I lucked out recently and managed to get a paper copy of Alter Ego # 59 on E-Bay. Seeing the cover here, I agree with editor Roy Thomas that it is rather striking. It’s the middle section of a painting by Arthur Suydam and you can look up the complete work on-line from his zombie work. Roy Thomas says in his editorial that Suydam’s work is borderline to the time-period for ‘Alter Ego’ but felt it important as his growing up period was in his remit. Suydam isn’t just an artist but a professional musician/guitarist and only briefly accounts for this work in his field here.
Looking back 14 years, you do get a different measure of ‘Alter Ego’, where it has more of a potpourri of material. A chance to see an interview Sheldon Moldoff (1920-2012) by Shel Dorf brings light to the time period when he ghosted on Batman for Bob Kane amongst his other work at the time, including on Hawkman before WW2 although editor Sheldon Mayer wouldn’t give him it back afterwards. It’s quite interesting seeing the variety of work and styles he did. Oh, he makes an interesting point that back in the day, the artists both penciled and inked and lettered until there was a divergence in who did what factory style we’re more familiar with now.
The same could also be said for Al Plastino (1921-2013) when interviewed by Jim Kealy over on the Superman titles, although I used to wonder on whether his solid torsos were solely his or based off Curt Swan’s until seeing more of his work here shows he emulated Swan. Plastino also did cartoon work and that means I must have seen some of his ‘Nancy’ work reprinted in the UK in the 1960s.
Alberto Becattini looks at writer Jerry Siegel’s scripting in European comicbooks, including ‘The Spider’ in the UK.
Another interview by Jim Amash with Neal Adams throws more light on his work at DC Comics in the late 1960s and how he was called away from doing interior art by Carmen Infantino. I did have a chuckle at his discovery of why Mort Weisinger’s mean attitude from the man himself. It started in the morning for Weisinger looking at his face in the mirror and not liking himself. Weisinger was reluctant to use Adams for covers despite Infantino wanting him to. So Adams offered one cover to see if he liked it and the rest in history. I just wish he said which one was it.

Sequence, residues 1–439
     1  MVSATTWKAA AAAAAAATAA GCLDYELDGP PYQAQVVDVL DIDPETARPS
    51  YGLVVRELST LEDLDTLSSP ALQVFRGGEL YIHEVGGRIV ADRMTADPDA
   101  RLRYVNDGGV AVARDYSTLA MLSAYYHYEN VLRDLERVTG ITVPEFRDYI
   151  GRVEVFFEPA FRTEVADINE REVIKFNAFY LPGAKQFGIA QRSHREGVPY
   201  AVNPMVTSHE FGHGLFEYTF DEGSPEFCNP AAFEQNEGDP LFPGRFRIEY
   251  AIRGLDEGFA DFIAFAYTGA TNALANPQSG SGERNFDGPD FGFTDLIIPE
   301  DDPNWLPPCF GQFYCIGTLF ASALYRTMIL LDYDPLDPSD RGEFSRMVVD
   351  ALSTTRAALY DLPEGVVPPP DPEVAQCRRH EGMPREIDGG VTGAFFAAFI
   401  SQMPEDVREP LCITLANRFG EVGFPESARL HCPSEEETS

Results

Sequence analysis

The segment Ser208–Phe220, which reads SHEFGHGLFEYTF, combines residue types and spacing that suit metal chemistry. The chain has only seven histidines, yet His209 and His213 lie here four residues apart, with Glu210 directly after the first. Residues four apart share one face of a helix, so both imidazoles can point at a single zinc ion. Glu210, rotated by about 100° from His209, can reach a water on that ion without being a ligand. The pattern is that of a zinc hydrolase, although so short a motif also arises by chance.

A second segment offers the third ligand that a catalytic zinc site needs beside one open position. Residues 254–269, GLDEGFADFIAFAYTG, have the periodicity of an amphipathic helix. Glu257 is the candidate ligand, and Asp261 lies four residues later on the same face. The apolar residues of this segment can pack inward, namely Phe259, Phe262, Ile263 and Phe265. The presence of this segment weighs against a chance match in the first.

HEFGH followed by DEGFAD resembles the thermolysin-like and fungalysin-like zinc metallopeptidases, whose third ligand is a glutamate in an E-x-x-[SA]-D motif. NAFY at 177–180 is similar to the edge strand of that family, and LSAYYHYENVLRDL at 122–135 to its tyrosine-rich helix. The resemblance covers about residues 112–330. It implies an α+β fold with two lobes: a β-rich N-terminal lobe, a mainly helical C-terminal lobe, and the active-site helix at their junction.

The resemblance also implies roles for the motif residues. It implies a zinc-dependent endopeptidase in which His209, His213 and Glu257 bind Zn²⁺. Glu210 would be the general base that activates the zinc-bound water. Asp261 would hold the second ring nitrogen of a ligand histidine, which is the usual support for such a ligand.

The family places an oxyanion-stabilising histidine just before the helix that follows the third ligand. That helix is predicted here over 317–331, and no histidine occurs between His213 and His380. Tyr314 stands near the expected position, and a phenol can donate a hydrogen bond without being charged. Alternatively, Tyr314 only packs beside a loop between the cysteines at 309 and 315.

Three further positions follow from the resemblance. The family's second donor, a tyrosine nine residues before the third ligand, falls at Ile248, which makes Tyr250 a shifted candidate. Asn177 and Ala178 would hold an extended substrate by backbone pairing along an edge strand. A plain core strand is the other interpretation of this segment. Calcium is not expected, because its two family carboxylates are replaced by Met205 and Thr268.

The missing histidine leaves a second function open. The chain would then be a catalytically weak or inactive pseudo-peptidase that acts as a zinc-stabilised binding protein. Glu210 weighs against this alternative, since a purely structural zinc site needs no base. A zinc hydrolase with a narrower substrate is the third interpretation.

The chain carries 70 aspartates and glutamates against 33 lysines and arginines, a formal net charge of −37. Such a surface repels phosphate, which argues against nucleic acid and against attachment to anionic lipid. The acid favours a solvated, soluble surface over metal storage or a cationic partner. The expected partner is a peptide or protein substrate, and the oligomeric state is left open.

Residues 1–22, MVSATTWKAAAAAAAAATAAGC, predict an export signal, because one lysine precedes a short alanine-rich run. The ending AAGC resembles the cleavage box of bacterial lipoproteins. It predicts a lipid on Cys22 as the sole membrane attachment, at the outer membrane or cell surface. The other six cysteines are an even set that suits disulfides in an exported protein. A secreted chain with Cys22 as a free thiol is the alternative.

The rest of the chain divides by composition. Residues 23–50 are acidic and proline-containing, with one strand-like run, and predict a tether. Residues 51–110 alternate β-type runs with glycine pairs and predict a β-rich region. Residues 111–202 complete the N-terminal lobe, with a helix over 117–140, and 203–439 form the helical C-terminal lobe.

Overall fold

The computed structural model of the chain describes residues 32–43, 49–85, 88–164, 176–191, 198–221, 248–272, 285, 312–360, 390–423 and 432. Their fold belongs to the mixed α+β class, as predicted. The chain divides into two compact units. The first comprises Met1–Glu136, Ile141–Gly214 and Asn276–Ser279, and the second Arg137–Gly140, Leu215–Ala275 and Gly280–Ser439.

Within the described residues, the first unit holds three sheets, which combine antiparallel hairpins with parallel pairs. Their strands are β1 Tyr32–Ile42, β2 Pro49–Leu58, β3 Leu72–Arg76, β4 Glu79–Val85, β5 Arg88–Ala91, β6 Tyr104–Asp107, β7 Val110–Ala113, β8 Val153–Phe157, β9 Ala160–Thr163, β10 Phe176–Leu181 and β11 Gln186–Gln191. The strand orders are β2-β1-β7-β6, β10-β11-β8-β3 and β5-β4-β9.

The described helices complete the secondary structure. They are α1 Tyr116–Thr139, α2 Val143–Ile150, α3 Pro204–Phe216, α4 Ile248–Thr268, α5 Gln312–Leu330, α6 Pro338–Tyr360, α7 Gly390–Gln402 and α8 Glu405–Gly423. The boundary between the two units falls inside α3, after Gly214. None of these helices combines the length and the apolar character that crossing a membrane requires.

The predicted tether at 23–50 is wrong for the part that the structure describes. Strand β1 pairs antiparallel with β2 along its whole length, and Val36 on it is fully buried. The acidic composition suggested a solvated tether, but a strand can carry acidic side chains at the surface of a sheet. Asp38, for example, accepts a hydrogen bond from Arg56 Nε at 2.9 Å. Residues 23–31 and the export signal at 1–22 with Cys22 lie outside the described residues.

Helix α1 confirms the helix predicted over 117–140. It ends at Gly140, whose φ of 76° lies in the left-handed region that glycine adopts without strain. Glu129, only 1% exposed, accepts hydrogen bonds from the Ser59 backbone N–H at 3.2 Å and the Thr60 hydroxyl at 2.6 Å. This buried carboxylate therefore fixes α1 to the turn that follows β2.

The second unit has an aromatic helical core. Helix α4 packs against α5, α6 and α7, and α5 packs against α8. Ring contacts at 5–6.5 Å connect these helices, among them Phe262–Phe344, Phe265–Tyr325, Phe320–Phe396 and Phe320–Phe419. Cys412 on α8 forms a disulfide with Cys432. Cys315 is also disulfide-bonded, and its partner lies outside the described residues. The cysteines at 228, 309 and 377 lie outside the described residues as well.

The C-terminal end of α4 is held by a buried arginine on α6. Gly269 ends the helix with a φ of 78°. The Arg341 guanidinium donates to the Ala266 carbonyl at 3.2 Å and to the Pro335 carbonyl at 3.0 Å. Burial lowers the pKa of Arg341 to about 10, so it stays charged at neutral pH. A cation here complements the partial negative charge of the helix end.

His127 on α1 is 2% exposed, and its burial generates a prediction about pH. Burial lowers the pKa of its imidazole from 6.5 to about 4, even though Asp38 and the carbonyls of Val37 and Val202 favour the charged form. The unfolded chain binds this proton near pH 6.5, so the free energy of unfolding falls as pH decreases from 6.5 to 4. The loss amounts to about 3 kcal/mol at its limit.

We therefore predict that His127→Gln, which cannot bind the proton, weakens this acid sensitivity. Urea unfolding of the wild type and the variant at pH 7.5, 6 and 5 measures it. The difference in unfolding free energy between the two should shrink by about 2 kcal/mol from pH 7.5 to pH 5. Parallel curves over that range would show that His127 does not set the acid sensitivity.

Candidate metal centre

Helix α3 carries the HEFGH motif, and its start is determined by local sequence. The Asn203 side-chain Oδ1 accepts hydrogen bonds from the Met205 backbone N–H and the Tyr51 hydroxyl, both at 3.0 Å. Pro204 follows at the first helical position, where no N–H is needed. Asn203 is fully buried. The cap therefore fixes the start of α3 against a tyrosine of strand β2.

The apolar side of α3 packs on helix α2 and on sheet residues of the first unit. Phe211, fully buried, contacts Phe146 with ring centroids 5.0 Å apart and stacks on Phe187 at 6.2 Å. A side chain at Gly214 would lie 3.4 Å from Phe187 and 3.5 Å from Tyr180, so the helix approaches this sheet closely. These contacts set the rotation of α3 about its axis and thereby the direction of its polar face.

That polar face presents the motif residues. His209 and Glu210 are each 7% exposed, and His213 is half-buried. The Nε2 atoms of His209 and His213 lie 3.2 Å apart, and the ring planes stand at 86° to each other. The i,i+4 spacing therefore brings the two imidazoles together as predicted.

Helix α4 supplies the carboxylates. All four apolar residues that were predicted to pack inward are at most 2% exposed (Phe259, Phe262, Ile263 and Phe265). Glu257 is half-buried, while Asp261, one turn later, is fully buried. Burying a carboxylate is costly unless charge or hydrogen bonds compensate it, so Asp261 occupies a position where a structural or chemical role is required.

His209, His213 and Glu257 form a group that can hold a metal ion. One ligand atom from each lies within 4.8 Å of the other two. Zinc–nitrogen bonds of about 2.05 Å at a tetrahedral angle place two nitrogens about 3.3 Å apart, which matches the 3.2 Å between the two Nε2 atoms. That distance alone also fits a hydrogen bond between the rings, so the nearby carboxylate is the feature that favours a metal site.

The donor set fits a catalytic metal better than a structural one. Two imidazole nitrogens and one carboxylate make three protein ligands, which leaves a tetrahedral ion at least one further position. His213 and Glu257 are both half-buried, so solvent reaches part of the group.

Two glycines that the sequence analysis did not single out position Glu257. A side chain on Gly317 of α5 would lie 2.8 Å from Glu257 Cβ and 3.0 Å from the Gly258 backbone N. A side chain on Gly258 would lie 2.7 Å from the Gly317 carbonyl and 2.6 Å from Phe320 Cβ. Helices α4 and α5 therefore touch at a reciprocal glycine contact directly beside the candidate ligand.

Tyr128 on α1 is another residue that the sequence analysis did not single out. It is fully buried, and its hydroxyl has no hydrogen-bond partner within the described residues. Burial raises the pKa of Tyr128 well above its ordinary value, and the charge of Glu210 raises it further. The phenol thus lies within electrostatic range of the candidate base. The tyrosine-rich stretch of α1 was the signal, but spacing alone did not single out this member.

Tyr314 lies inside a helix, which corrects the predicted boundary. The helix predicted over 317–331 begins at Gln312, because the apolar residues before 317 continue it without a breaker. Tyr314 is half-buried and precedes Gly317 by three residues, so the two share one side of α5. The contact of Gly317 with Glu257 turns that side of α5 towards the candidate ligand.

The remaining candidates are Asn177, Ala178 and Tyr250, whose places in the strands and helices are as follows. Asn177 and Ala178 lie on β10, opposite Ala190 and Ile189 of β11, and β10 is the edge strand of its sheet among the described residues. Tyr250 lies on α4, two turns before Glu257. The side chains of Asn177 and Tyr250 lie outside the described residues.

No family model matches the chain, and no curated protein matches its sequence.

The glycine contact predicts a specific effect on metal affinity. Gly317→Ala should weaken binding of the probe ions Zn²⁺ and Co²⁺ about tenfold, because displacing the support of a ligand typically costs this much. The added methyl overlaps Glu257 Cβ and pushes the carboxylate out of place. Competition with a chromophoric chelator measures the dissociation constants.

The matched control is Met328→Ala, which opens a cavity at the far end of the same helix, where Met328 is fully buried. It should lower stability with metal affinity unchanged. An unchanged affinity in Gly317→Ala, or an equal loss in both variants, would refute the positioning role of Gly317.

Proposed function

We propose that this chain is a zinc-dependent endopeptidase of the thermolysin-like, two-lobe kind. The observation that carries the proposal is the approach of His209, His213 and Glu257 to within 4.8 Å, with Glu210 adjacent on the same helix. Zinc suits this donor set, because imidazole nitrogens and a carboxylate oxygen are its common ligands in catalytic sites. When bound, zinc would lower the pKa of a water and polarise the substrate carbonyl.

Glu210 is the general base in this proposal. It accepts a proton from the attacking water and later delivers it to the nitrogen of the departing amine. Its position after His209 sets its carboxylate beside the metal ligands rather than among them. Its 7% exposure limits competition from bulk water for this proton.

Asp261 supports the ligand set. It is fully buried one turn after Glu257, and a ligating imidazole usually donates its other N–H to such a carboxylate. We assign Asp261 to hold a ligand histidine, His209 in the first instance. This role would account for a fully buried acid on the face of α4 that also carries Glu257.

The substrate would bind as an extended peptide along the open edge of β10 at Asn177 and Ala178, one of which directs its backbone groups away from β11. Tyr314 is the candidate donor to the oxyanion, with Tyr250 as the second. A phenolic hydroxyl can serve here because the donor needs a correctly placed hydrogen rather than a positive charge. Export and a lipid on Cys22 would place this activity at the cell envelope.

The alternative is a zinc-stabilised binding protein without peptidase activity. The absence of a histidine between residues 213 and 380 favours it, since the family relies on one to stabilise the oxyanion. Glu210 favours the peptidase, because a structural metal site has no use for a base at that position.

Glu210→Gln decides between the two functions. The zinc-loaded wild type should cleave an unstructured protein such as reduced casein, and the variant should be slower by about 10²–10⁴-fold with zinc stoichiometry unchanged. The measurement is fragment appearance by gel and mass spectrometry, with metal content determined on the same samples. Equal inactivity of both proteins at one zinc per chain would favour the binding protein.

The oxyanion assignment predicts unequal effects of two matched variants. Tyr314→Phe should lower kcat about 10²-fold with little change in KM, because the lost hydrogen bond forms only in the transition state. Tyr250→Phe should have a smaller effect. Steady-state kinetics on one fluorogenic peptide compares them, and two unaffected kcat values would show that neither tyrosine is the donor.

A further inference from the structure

I knew less about Fran Matera (1924-2012) but his interview by Jim Amash shows most of his work was in America and in syndicated newspaper strips that weren’t shown over here. Seeing samples of his work here, he could switch between serious and cartoon showing true storytelling quality. Like a lot of the Golden Age artists he could both pencil and ink his own worked but never liked only doing the latter. Oh, he also illustrated Doll Man.
The Mr. Monster feature runs the second part of artist Russ Manning looks at some of his early SF work and then comments on the various artists who also worked on illustrating Tarzan.
The assorted Fawcett articles includes Marc Swayze commenting he would have had Mary Marvel’s hair less lacquered had he designed her and shows some samples. Speaking of sample, P.C. Hamerlinck interviews Rubén Procopio who sculps as well as draws and his work with Jerry Ordway in creating a Captain Marvel/Billy Batson piece will show how much hard work was involved.
This issue is alas only available as a digital copy unless you get a lucky paper find on-line, but there’s a lot to read and learn here.
(pub: TwoMorrows Publishing. 100 page illustrated magazine. Price: $ 9.95 (US). ISSN: 1932-6890. Direct from them, you can get it from them for $ 4.99 (US))
check out websites: www.TwoMorrows.com and https://twomorrows.com/index.php?main_page=product_info&cPath=98_55&products_id=371&zenid=1b4c18465cd955916640c6c9d395853a